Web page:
• FIG. 3 illustrates some embodiments of a method 300 for block-chain verification of goods. The method 300 includes obtaining, by a first computing device, a first address (301). The method 300 includes exporting, by the first computing device, the first address to a first code affixed to a first product (302). The method 300 includes filing, by the first computing device, a first crypto-currency transaction to the first address, at a transaction register (303). The method 300 includes receiving, by a second computing device, from a code scanner, the first address, scanned from the first code affixed to the first product (304). The method 300 includes verifying, by the second computing device, the first crypto-currency transaction at the transaction register, using the first address (305). The method 300 includes identifying, by the second computing device, based on the verification, that the first product is authentic (306).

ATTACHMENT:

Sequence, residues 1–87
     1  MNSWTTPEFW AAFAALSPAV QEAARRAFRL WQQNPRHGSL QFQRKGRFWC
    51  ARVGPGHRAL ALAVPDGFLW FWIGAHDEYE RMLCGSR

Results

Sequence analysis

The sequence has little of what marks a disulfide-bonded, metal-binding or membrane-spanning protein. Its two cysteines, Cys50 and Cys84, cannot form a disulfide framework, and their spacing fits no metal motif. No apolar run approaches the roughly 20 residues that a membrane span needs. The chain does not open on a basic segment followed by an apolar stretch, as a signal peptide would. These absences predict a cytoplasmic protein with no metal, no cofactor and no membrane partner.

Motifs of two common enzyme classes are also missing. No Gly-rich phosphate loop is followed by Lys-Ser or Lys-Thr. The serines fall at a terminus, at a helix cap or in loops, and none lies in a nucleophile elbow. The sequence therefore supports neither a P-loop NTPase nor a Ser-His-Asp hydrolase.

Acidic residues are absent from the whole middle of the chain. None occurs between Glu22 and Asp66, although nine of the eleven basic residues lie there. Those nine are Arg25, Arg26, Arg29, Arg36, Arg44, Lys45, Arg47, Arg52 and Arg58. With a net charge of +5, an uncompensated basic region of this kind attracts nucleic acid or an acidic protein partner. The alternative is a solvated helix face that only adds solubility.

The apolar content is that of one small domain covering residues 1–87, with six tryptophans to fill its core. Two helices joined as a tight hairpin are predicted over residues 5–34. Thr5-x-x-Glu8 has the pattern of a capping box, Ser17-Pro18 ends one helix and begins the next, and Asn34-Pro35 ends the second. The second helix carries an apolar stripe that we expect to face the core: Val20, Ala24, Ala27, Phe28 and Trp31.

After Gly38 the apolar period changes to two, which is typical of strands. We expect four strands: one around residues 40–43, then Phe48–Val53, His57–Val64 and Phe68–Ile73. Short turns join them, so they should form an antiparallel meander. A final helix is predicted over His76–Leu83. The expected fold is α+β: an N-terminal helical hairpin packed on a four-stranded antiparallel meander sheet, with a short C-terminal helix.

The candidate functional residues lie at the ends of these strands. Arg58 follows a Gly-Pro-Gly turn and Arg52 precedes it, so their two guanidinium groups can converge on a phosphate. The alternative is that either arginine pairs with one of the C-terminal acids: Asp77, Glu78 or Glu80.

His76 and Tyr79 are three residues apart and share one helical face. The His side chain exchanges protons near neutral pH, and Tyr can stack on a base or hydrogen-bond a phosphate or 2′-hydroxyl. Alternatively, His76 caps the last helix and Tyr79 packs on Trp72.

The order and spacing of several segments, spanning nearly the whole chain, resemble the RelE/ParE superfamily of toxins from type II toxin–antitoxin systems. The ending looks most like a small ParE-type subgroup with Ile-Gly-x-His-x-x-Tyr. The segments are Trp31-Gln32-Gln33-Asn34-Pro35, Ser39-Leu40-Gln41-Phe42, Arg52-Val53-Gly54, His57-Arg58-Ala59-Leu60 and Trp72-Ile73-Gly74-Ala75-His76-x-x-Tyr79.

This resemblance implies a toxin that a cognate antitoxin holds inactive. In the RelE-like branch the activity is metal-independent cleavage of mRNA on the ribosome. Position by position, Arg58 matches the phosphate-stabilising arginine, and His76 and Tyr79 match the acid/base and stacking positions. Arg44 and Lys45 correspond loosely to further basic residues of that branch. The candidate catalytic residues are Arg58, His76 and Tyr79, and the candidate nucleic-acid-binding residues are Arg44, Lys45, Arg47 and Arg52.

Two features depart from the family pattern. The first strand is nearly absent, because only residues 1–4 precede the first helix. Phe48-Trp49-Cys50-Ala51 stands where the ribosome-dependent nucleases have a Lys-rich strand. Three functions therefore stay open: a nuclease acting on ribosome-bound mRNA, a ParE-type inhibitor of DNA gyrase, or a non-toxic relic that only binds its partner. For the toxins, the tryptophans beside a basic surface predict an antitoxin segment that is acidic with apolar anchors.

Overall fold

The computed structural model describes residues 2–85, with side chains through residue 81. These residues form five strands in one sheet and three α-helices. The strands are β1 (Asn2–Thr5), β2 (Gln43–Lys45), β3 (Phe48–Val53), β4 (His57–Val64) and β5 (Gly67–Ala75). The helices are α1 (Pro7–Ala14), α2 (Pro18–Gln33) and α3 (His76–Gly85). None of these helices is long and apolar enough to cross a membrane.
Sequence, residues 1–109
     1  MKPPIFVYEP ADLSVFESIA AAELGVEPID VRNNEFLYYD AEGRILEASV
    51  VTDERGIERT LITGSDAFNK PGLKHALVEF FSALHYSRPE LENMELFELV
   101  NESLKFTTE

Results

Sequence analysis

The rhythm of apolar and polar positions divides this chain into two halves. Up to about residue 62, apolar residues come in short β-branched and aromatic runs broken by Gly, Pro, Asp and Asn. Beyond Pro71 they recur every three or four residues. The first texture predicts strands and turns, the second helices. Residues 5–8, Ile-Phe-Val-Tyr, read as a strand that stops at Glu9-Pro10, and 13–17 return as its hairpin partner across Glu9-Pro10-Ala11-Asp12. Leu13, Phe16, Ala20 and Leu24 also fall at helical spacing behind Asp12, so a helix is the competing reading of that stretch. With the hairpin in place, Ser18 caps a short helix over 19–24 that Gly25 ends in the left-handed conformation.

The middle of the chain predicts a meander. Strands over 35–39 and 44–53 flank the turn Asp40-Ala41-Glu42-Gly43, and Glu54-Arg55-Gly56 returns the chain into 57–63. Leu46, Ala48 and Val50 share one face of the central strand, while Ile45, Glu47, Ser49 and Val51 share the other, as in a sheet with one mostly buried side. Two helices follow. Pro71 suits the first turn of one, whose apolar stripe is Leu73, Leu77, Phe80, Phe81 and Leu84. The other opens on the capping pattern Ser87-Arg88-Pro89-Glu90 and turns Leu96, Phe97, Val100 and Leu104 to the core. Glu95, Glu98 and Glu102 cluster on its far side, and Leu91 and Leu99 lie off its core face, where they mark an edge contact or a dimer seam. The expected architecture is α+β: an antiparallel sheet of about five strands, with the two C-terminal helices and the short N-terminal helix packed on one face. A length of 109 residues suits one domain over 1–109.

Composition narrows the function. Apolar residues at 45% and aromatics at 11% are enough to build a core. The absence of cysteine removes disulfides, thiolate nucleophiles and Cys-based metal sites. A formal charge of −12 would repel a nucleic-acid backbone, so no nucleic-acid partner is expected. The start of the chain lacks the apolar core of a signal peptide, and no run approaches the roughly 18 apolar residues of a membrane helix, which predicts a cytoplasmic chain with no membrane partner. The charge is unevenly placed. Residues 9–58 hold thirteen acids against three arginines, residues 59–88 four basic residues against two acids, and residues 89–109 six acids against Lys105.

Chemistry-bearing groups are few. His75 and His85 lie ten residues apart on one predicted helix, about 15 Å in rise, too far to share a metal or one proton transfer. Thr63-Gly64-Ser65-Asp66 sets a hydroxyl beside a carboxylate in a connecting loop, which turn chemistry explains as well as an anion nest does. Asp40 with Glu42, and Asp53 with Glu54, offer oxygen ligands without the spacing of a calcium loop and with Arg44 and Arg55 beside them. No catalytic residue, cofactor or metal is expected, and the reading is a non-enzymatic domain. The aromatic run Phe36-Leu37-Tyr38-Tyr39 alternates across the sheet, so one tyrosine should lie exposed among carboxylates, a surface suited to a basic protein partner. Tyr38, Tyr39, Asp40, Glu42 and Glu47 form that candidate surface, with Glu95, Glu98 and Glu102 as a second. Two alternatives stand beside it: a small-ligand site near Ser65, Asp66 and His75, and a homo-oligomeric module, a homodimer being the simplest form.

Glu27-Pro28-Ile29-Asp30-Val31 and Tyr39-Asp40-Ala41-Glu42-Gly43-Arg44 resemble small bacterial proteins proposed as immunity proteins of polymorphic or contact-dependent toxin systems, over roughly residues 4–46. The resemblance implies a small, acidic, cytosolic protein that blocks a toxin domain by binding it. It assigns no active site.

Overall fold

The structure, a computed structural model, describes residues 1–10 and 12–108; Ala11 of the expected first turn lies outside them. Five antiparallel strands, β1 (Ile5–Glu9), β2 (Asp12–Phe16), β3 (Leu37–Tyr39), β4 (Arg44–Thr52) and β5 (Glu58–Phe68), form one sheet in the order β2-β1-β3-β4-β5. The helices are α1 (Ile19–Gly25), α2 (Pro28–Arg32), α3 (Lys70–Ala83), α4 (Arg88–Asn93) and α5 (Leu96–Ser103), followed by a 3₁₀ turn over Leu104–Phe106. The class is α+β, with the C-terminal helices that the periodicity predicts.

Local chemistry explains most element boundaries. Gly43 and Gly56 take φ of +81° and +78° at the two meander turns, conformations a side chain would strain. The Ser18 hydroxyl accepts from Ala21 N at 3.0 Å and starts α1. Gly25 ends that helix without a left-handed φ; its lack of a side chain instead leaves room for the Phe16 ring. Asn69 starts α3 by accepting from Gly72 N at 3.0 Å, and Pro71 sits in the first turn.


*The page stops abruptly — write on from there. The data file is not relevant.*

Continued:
• Referring to FIG. 3 in greater detail, and by reference to FIG. 2, the first computing device 201 obtains a first address (301). The first computing device 201 may be operated by a first entity. As an example, the first entity may be an administrator entrusted with granting or revoking access rights for the first product. The first entity may be a certificate authority. The first entity may have access rights regarding the first product that include the ability to confer some or all of the access rights enjoyed by the first entity to another entity by means of a crypto-currency transaction. The first entity may be any entity that deals with commerce, either in physical goods or intangible goods. The first entity may create a non-centralized security authority and implement the authentication process of the non-centralized security authority using the method 300. For instance, a retailer may enact the method 300 from any of its locations; in some embodiments, the particular locations' security systems may use the method 300 while the parent company does not use the method. Likewise, a franchise owner may enact its own program to authenticate its products using the method 300 but be outside of the overall parent company's policy.